What’s the Difference Between Heat Exhaustion and Heatstroke?
As the heat index ramps up, you may find yourself rapidly overheating with your body unable to keep up with cooling and maintaining your core temperature. If you’re exercising, moving or working in the heat, it’s important to know the signs and symptoms of heatstroke and heat exhaustion and recognize if you’re in danger. When your body overheats, it might not be long before you need fast medical care. At Medco ER & Urgent Care, our board-certified physicians are capable to handling this condition very efficiently.
“Heat exhaustion—which can lead to the more serious heatstroke—is a preventable condition,” said Medco ER & Urgent Care’s Regional Medical Director, Dr. Tariq Vora. “That’s why it’s important to keep a close check on yourself during the high heat index days.”
The first stage in overheating of the human body is heat cramps, followed by heat exhaustion. This condition occurs when your body is no longer able to maintain a steady core temperature through the natural cooling process of sweating and heatevaporation. Heat cramps include muscle aches, thirst, fatigue and heavy sweating. It can be alleviated by drinking an electrolyte-balanced sports drink, or water, and resting.
Heat exhaustion follows untreated heat cramps and is a more serious condition, but is still preventable and also treatable.
Symptoms of Heat Exhaustion
- Cool, moist skin, possible goose bumps
- Heavy sweating
- Muscle cramps
- Weak, rapid pulse or dizziness when standing
Treatment for Heat Exhaustion
As with heat cramps, you will want to find a cool place to recover. Drink a sports drink or water and rest as your core temperature goes down. Do not drink alcohol. Try to cool your body with water, if possible. If your symptoms don’t improve, seek medical attention immediately.
If left untreated, heat exhaustion can quickly degrade into the most serious heat-related illness called heatstroke. Heatstroke occurs when the core temperature of the body reaches 104°. Heatstroke is a medical emergency that can cause damage to the brain, organs and muscles. Left untreated, heatstroke can lead to permanent organ damage or death
Symptoms of Heatstroke
- Change in sweating, possibly with skin becoming hot and dry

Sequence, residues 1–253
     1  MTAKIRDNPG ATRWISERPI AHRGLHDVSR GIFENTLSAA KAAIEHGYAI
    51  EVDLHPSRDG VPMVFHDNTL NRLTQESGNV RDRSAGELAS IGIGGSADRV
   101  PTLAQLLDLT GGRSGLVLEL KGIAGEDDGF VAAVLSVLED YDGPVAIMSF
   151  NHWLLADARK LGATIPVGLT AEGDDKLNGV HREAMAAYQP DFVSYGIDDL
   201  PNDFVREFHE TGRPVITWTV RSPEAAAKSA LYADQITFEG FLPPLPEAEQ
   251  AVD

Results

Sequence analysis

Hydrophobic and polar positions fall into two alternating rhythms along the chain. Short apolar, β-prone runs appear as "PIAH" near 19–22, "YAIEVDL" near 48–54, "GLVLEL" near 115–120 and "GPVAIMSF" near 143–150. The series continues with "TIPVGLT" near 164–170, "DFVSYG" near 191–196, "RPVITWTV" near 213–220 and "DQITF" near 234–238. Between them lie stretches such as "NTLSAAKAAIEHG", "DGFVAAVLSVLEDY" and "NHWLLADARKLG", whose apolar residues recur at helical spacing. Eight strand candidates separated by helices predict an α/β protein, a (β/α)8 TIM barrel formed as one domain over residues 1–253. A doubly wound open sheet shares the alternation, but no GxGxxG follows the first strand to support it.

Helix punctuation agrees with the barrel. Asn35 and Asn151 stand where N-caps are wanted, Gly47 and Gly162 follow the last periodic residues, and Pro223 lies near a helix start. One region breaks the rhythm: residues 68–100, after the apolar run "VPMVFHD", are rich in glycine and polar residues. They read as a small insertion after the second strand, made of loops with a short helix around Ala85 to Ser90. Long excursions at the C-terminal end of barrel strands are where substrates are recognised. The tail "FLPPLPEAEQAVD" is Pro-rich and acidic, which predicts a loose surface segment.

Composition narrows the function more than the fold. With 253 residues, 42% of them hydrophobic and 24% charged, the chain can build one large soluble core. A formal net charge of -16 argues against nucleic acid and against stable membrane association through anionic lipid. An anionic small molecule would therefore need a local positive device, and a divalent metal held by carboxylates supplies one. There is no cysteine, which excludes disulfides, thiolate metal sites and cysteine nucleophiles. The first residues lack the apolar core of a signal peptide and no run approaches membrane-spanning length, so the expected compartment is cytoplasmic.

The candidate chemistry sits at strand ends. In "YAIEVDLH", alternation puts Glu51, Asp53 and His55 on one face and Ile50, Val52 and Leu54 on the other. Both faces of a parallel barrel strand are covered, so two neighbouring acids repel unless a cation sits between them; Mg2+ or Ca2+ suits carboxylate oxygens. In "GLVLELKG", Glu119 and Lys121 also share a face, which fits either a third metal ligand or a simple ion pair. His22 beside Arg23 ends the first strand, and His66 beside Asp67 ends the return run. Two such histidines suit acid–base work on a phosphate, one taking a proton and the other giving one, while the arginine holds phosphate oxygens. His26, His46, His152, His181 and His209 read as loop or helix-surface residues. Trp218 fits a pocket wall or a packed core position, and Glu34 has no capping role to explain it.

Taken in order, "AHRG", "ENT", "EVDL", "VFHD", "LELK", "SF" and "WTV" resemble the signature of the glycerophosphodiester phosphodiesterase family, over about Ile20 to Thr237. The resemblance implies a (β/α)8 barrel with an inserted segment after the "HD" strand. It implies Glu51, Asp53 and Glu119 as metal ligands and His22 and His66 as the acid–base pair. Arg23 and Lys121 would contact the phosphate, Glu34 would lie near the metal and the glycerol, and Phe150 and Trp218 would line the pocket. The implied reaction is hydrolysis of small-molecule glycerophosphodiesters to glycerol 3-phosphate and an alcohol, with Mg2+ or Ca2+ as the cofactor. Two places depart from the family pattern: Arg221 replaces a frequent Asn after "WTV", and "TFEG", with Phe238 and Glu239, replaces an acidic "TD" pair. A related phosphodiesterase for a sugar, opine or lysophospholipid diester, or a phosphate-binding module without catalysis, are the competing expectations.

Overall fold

- Confusion, agitation, slurred speech
- Seizures or coma
- Nausea and vomiting
- Severe headache
- Red, flushed face and arms
- Rapid breathing
- Rapid, shallow heartbeat
Treatment for Heatstroke
Heatstroke can be treated at the ER with cooling procedures to safely bring the core body temperature down. An IV will administer the needed fluids to assist in lowering the body temperature. If you are assisting someone with a heat-related injury, have them drink water or a sports drink (not alcohol), get them to a cooler place and wet them down or place ice in a towel and apply it to head, neck, armpits and groin. Call 9-1-1 and transport them to the ER as soon as possible.
When to come to the ER with a heat injury
“Don’t hesitate to come in when you get overheated,” said Dr. Vora. “The sooner we can see you, the faster you will recover. If someone you know has symptoms of a heat injury and have become irrational or lost consciousness, call 9-1-1 immediately.”
Get help fast at Medco ER & Urgent Care
At Medco ER, we are equipped with advanced lab and treatment modalities to treat any heat-related ailment. We can check your electrolyte levels—such as sodium and potassium—and immediately treat you with Intravenous (IV) fluids while keeping you comfortable in a cool and safe environment.
We are open 24/7 to provide you with some of the best medical care available. Our Little-to-No Wait service ensures you will be shown to your own room and can be seen by a board-certified emergency medicine physician within minutes. Before long, you may be on the way to recovering from the overexposure to heat.
- Plano: 3960 Legacy Drive on the corner of Legacy and Coit Road.
Call us @ 469-392-4000.